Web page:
Hundreds of horses in Britain are affected by grass sickness every year. The disease can cause sudden-onset colic symptoms or can manifest as a more insidious onset wasting disease. The acute form of the disease (colic signs) has a mortality rate of more than 90%.

Scott Pirie from Edinburgh Veterinary School gave an update at the British Equine Veterinary Association’s annual conference of how our current understanding of the disease can be translated into disease prevention measures.

This information is particularly helpful for the owners of premises that have previously given rise to grass sickness cases. It can help them to decrease the risk of the disease occurring again.

Two horse-related risk factors for grass sickness are age and contact with previous cases of grass sickness. Young horses (two to seven years old) are particularly susceptible to the disease so, if possible, it is advisable not to graze young horses on premises or pastures that have previously given rise to grass sickness cases.

Horses that have grazed pasture that has given rise to a grass sickness case, but have not suffered the disease themselves, are likely to be highly resistant to grass sickness. This is information that may reassure the owners of horses sharing fields with grass sickness cases.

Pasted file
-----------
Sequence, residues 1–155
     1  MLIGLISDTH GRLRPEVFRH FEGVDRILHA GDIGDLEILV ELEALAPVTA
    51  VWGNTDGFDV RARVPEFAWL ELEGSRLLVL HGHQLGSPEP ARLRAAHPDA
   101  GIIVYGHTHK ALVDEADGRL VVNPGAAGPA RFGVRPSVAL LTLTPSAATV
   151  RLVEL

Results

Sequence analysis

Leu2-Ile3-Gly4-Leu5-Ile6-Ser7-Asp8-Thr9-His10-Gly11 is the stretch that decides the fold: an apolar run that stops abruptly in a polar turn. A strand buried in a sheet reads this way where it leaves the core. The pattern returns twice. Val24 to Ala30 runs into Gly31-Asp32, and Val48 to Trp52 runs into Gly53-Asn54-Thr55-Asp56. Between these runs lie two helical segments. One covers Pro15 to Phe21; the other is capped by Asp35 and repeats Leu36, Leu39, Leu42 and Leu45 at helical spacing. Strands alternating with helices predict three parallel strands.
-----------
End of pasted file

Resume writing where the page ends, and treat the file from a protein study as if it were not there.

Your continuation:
A number of management practices have also been identified which can help to decrease the risk of disease occurring:

  • feeding forage (hay or haylage) throughout the high-risk spring period
  • avoiding mechanical disturbance of land (for example excavation for building work)
  • avoiding mechanical lifting of droppings
  • avoiding the intensive use of worming drugs

These are simple guidelines which scientific evidence suggests will decrease the risk of grass sickness.

Work is currently underway to manufacture and test a vaccine designed to protect against bacterium Clostridium botulinum, which has been implicating in the disease, and to test whether it protects horses against grass sickness. It won’t be available next year but veterinary scientists, with the support of funding bodies, are working towards this outcome.

  • This feature was published in full in Horse & Hound (7 October ’04).


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